"She'd tell me stories of picking flowers in the hills of the Rhineland, as a young and untouchable child. She remembers seeing the tank and troop transports, the fortification of the officially demilitarized zone from the treaty ending the first world war. It was her entire life that violent aggressors have been invading her world. Skies that should have opened and broadened only brought flying bombers, the spearhead of the Luftwaffe's strength. Such a young life exposed to so much brutality and cruelty. She's told me about her brother and two sisters, how they had to make a pact by themselves to stay together forever. The brother was killed, but her sisters reside under the occupation in Languedoc. She's told me of the various houses she's moved between, the rage of her parents as they argue over abandoning property, about valuing parts of their life and family history in terms of deutschemarks and francs. The story of a quiet drive, watching luggage with the family insignia rest on the side of the road, being completely reclusive from any personal society or community. To be removed from the world you've known for only so short, to be deprived those years of experience with peers and the community -- it is not something I can imagine.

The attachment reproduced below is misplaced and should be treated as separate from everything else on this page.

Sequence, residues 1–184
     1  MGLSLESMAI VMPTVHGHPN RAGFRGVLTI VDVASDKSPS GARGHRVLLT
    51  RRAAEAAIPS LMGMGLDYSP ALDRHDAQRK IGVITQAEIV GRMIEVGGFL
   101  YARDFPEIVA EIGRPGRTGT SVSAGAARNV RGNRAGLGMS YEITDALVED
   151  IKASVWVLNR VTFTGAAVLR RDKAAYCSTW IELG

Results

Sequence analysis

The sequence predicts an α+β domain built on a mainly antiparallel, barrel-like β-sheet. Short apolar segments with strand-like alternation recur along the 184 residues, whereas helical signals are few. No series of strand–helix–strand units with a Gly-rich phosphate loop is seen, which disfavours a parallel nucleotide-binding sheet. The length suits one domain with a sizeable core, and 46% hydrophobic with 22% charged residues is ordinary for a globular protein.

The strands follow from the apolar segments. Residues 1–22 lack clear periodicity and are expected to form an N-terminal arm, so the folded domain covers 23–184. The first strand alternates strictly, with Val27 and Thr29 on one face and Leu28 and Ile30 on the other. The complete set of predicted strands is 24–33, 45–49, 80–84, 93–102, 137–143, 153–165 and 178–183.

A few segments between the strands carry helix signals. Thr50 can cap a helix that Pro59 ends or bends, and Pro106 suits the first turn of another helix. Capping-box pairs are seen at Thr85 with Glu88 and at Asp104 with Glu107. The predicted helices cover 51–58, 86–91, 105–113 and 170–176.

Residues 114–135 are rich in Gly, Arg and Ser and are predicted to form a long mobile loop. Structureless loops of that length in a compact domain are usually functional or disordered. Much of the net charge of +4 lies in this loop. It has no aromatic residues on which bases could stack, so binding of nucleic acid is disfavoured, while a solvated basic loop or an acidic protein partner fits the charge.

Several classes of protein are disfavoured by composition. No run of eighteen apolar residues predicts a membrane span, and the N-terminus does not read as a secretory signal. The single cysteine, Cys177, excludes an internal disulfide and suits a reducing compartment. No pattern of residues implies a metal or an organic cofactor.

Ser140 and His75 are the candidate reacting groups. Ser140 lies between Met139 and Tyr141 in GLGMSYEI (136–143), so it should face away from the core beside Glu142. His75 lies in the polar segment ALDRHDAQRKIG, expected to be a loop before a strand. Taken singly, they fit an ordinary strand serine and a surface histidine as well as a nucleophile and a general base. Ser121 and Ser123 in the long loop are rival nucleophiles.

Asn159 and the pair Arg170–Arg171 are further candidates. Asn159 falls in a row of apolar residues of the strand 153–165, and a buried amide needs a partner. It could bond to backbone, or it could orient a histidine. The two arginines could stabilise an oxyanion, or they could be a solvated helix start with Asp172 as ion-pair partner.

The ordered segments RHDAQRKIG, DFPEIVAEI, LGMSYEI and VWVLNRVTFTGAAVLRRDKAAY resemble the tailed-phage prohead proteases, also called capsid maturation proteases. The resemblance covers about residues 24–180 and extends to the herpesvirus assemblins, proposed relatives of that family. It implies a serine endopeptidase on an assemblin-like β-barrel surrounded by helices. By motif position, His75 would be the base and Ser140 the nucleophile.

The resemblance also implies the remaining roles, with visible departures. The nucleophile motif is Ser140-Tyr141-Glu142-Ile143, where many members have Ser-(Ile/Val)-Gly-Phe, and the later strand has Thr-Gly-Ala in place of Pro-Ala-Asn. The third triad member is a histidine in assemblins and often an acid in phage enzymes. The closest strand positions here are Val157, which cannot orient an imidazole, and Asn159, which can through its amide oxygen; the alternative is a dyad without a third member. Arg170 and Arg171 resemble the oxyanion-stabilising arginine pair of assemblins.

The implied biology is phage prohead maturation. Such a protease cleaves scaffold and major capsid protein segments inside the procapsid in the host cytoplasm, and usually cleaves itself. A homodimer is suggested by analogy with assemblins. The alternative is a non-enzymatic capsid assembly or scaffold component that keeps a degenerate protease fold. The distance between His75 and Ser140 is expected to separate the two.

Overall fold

"The high school I was expelled from under the Pétain government, the wine and bread cafe I served at as my first job, the hospital where I was born, the museums and parks where my mother and father would take me to -- all of these things still existed, though with a bit more of restriction on who may enter, but I am still in the world where I became culturally adapted to my own failures and those private triumphs. But Stesha and her family have been on the move and hiding for years. At first together, but now parted through the parishes of France. Her life until this moment has been a slow eroding of all the things she used to call her own: her home, her city, her family, even her history and culture. So many shattered chips, such a thick and suffocating dust. I'm curious if her involvement in these actions is to test the real rates and mechanisms by which the lives of ordinary and innocent civilians are directly effected. She wanted to see if a slow and patient process of human weathering was susceptible to one, big, enormous blast. That may have been the reason she started breaking the law and working with so many 'immoral